5. Summary

We have carried out spectroscopic observations of 20 out of 31 early-type star candidates in the NSC at the center of our Galaxy, which were identified in the imaging survey by Nishiyama & Schödel (2013). We have found that 65% of the candidates probably belong to an intermediate-age (50500 Myr) population and that the rest of them are late-type giants older than ~1 Gyr. The intermediate-age population stars are likely to have formed in a starburst about 100 Myr ago. None of the stars is as young as the few million year old stars within a projected radius of RSgr A ∗ = 0.5 pc of Sgr A*. We can thus conclude that the most recent star formation episode in the NSC was confined to the immediate environment of Sgr A*, at least as far as the most massive stars are concerned. Thus, our findings also support the in situ formation of the O/WR stars near Sgr A* and speak against the cluster-infall scenario. In the latter case, we would have expected to observe at least a few O/WR stars in the region beyond RSgr A ∗ = 0.5 pc. We show that narrow-band imaging observations can be an efficient means to distinguish younger (<500 Myr) stars from very old giants; however, our results also suggest that the kind of seeing-limited photometry with only two filters that we used in our previous work is not sufficient to discriminate young (<10 Myr), massive stars from the intermediate-age (10–500 Myr) ones. Spectroscopic follow-up observations still play an important roll in the separation. The clearly different distribution of the young and intermediate-age stars in the Milky Way’s NSC may indicate different formation scenarios for the two populations.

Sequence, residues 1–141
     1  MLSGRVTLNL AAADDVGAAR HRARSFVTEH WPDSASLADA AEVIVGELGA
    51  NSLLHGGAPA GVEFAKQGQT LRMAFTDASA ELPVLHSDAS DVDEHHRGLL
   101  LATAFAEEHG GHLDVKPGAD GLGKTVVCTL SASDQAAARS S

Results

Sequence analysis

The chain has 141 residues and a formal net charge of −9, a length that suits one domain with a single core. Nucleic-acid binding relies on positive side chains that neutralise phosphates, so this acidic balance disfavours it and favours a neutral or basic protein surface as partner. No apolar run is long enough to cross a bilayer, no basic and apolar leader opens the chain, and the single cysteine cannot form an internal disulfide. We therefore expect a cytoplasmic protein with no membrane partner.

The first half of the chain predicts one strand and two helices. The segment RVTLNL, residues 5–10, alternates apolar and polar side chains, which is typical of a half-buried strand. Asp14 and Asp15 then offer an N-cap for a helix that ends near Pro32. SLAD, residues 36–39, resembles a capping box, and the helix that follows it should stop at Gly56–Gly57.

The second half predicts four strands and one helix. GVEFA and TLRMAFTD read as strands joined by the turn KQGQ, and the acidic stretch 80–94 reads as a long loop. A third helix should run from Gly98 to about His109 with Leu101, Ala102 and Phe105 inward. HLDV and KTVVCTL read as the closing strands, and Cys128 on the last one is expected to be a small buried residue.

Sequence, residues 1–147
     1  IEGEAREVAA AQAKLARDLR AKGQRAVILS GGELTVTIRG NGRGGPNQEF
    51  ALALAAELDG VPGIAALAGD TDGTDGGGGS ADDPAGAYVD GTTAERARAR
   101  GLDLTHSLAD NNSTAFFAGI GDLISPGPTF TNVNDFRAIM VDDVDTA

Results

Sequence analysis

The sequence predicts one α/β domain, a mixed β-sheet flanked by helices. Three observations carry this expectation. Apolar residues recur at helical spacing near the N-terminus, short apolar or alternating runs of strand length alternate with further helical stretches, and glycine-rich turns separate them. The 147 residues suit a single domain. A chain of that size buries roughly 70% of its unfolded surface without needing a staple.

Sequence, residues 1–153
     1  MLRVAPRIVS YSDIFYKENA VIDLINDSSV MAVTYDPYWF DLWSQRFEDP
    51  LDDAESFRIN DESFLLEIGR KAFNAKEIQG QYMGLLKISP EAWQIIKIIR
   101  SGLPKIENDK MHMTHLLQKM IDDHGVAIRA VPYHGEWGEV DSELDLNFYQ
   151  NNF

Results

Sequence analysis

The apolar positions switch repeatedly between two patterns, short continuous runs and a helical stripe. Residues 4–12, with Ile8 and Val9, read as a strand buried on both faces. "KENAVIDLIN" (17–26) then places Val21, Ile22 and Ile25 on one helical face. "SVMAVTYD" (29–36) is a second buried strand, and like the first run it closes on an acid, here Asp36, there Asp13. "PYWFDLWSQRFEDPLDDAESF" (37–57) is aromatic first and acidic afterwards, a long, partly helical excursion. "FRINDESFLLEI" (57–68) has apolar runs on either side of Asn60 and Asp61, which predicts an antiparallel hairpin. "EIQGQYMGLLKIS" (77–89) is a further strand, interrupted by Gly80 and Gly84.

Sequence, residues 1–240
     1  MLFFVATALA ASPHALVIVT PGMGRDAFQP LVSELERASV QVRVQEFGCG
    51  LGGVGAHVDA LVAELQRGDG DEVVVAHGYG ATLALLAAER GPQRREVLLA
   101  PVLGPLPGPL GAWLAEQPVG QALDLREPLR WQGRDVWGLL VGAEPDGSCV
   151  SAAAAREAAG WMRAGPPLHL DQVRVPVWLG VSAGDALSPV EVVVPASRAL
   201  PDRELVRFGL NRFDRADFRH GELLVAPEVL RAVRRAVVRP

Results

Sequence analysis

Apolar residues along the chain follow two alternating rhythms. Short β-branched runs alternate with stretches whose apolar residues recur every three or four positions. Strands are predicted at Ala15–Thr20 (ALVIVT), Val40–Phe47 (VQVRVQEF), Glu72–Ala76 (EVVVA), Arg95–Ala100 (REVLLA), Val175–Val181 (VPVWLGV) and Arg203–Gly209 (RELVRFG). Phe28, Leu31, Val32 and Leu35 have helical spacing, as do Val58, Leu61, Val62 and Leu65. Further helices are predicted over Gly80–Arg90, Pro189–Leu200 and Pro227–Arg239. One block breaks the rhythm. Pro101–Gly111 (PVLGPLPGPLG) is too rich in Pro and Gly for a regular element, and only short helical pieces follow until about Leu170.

1

[λ] denotes a magnitude in a narrow-band filter with the central wavelength of λ.

2

Based on data collected at Subaru Telescope, which is operated by the National Astronomical Observatory of Japan.

Acknowledgments

This work was supported by KAKENHI, Grant-in-Aid for Research Activity Start-up 23840044, Specially Promoted Research 22000005, COE Research 23103001 and 24103508, Grant-in-Aid for Exploratory Research 15K13463, Grant-in-Aid for challenging Exploratory Research 15K13463, and Young Scientists (A) 25707012, and Institutional Program for Young Researcher Overseas Visits. R.S. acknowledges support by grants AYA2010-17631 and AYA2009-13036 of the Spanish Ministry of Economy and Competition, and by grant P08-TIC-4075 of the Junta de Andalucía. R.S. acknowledges support by the Ramón y Cajal programme of the Spanish-Ministry of Economy and Competition. This material is partly based upon work supported, in part, by the National Science Foundation Grant No. 1066293 and the hospitality of the Aspen Center for Physics. The research leading to these results has received funding from the European Research Council under the European Union’s Seventh Framework Programme (FP/2007-2013)/ERC Grant Agreement No. [614922].

References

All Tables

Table 1

Observed candidates and their parameters.